The Boston Symphony Orchestra Chamber Players at NEC’s Jordan Hall lent still more beauty to an already beautiful spring Sunday afternoon in Boston. Leoš Janáček’s Mládi found depth and richness in instrumentation by adding the bass clarinet to the wind quintet. This, and another Czech piece by Bohuslav Martinů, his Nonet for winds and strings, might have even suggested summer loveliness and picnics in the countryside. With David Deveau, the Chamber Players elevated the Brahms Trio in A Minor, Opus 114 to indescribable eloquence.
Refinement and refreshment ruled. The program that began at the usual shortly-after-the-hour, 3 o’clock, was over at 4:40, perfect for such the day it was in New England. With these chamber players, practicing onstage was entirely absent, their tuning as discreet as possibly could be, and their attire just formal enough to promote what we are all there for in the first place, the music.
What an opportunity to have the chance to hear Janáček and Martinů on the same program. Of the two, Janáček is more the craftsman among early 20th-century musical cognoscenti, while Martinů strikes me as more the naturalist who goes ahead with his own leanings borrowed in some way or another from other composers. Understanding Janáček, keeping track of where he is going and what he is up to, does not present much of a problem the way it does with Martinů.
Never mind that, the integration of their beloved Czech folk music into both Janáček’s and Martinů’s compositions would be the clearest of any number of connections one could make between these two countrymen. Both pieces, on the first half of BSOCP’s concert, were on the warm side and very much summerlike. Jollity and nostalgia played off each other. Consonances summoned up those summer picnic qualities, dissonances and mysterious harmonies alluded to distant traffic or a brewing rainstorm.
BSOCP had it right—just right—all throughout both works. Through tonal prompting, delicate wisps, sunlit dialogues, and dazzling hues contributing to a seasoned temperateness, indoors, was indeed, a sonic reflection of all that was visually so inviting outdoors.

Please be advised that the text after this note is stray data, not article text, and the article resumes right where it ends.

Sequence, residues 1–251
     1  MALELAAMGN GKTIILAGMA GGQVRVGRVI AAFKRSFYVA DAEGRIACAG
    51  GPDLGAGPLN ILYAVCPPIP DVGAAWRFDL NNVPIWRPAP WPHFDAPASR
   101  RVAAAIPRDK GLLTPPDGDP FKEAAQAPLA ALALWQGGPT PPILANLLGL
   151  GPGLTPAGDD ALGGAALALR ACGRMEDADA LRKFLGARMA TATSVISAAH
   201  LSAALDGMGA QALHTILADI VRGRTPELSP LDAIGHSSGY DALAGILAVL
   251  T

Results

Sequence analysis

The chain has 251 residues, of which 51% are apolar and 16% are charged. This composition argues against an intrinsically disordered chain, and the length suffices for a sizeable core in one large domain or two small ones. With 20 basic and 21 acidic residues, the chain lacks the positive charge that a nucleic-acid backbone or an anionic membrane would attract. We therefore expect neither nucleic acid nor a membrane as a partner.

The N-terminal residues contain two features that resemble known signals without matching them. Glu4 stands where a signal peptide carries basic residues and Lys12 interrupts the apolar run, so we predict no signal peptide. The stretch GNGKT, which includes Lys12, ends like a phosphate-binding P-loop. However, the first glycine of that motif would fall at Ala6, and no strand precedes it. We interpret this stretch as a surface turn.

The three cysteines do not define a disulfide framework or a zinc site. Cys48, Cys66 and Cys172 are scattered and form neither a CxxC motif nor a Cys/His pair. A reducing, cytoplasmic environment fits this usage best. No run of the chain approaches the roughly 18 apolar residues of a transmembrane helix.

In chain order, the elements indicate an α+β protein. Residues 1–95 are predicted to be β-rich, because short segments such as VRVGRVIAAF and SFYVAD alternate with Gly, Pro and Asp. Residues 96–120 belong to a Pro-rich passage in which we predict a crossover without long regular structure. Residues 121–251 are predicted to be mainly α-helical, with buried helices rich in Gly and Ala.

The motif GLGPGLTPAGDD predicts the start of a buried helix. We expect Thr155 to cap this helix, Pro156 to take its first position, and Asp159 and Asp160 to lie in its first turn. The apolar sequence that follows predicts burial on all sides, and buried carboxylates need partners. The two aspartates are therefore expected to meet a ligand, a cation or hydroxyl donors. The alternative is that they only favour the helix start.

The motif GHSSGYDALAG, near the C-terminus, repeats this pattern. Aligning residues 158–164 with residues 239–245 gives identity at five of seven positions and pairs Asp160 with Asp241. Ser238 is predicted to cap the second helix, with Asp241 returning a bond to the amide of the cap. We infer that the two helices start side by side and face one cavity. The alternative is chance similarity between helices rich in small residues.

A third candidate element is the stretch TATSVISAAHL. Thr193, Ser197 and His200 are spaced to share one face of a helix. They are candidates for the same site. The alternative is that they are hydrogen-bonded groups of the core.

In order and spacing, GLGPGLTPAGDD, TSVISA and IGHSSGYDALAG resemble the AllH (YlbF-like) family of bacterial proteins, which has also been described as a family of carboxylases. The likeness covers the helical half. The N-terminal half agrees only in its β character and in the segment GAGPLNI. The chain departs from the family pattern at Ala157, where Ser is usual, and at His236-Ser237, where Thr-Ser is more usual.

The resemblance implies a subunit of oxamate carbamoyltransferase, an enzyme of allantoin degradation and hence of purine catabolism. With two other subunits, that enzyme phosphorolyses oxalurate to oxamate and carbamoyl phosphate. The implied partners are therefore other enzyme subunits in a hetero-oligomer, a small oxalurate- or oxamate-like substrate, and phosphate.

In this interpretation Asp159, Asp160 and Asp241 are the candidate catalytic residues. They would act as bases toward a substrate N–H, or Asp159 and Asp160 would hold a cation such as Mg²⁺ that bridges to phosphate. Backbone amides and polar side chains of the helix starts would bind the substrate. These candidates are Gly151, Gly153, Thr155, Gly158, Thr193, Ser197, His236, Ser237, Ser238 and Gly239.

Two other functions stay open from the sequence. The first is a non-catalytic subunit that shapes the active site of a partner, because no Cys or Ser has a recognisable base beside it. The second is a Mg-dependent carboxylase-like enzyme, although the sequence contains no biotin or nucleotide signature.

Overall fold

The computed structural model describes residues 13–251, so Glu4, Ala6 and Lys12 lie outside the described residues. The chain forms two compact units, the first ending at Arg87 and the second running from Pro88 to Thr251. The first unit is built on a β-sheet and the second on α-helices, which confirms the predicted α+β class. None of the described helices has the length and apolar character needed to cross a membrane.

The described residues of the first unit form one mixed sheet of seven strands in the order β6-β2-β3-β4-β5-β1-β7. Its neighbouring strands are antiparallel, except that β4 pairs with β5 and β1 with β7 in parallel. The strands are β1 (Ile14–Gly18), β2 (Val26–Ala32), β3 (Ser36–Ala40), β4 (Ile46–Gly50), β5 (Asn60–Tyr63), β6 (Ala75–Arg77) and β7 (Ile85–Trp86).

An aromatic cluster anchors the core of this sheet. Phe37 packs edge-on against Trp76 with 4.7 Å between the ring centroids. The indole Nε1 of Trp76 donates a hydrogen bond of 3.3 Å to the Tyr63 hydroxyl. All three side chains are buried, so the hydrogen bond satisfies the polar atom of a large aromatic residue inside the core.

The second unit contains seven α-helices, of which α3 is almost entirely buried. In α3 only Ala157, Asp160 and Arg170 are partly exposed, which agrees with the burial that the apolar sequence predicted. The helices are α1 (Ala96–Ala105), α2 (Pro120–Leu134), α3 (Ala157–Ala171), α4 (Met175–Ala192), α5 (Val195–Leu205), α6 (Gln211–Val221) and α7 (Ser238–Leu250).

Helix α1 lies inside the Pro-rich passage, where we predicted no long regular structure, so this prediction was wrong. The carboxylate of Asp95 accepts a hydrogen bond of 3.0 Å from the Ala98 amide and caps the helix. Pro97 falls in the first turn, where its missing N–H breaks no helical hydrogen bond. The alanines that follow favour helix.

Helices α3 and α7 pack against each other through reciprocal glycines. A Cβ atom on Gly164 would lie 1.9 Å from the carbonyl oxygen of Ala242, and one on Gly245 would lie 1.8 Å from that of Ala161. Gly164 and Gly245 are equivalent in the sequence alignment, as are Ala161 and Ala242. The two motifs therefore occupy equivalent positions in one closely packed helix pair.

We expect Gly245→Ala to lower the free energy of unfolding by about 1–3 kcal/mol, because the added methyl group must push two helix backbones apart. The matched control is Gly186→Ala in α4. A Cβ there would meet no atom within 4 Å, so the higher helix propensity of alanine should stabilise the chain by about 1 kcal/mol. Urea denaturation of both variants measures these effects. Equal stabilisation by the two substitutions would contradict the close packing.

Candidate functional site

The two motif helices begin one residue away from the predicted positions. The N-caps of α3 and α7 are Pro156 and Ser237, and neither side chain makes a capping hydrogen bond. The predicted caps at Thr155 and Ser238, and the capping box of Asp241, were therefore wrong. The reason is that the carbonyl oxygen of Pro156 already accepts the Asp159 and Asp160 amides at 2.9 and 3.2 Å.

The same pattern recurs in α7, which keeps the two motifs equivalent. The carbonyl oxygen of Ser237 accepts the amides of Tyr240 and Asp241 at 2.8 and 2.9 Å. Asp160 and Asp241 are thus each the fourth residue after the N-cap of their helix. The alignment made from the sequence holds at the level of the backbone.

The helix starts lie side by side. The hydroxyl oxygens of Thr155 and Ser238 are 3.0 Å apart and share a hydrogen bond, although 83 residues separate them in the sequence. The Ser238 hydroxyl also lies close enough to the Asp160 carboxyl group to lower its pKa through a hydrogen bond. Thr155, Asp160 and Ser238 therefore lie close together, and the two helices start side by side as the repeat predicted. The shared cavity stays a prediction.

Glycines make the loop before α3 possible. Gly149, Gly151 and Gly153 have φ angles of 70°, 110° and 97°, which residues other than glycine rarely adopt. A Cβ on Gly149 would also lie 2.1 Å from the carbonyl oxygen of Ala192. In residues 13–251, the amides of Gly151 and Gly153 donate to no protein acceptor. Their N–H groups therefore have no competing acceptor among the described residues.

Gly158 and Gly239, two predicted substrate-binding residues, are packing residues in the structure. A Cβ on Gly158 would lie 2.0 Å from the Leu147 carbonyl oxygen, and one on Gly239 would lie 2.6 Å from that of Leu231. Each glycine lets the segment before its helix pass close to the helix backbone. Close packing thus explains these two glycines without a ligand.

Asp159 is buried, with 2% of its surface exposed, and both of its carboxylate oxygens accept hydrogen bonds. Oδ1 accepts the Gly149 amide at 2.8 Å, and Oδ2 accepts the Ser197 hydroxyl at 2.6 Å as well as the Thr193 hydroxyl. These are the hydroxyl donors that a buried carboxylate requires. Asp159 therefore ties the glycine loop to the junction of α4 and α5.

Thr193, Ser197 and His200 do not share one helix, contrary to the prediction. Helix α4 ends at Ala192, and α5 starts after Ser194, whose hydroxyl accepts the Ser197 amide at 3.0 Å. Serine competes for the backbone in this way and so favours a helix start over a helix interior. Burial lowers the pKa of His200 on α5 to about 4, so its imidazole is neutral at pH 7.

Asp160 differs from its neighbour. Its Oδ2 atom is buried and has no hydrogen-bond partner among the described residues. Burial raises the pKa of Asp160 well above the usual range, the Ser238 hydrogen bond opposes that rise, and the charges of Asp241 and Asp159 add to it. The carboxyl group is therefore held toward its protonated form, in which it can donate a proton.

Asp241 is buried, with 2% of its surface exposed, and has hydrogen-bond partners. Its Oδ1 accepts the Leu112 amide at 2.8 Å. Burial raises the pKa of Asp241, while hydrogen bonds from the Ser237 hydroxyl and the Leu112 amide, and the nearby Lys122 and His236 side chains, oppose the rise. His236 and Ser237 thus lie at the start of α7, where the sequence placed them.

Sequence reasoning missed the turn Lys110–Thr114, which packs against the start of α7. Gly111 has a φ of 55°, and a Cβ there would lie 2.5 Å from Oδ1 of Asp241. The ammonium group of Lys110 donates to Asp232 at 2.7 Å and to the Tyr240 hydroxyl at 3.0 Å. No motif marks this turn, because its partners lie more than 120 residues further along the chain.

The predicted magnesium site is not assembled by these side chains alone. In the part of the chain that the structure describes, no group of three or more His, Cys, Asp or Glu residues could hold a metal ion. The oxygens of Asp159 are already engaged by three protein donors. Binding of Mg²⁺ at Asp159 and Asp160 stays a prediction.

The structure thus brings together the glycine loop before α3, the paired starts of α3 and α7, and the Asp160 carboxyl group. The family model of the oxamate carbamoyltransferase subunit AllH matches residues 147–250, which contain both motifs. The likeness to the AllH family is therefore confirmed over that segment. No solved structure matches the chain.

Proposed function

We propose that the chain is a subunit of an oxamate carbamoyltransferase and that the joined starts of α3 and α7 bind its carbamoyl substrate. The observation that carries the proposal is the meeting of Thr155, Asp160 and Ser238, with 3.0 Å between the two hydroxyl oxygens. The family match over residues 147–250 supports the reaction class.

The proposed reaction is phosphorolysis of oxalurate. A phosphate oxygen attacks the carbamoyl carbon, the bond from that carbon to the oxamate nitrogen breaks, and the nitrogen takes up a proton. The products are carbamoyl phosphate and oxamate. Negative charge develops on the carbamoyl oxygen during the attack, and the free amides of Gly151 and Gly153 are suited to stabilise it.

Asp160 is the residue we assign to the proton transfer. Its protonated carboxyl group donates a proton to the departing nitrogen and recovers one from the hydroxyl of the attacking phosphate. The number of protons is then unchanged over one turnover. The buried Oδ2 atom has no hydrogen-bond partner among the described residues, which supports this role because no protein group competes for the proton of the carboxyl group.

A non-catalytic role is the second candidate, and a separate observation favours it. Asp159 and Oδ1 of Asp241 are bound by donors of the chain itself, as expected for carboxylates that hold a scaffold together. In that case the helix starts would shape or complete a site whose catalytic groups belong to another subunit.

That certain summer lightness prevailing before the intermission, gave way to shadows in the Brahms trio. Its length and substance spoke to all that is exquisite and pulchritudinous, which the Chamber Players matched note for note, phrase for phrase, harmony for harmony. The German master’s super crafting of line and counter line, of modulation and cadence, and of gesture and statement surfaced through William R. Hudgins’ clarinet, Jules Eskin’s cello and David Deveau’s piano. Each spoke with his own voice, yet at the same time listening ever so attentively to the others. The coolness and etherealness of the clarinet matched the singing and emoting cello, while both complemented the expansive expression of the piano. It is one of the most transcendent Brahms trio performances I believe I have ever encountered. I do not believe I missed hearing—or feeling—a single sound. I could have sat through yet another performance right there, on the spot.
It might be said that the four BSO string players, Martinson, Ansell, Eskin, and Barker, and the six BSO wind players, Rowe, Ferrillo, Hudgins, Svoboda, Sommerville, and Nordstrom, along with pianist David Deveau, fashioned a veritable tonal treasure trove as beautiful and moving as was April’s last Sunday in 2013.
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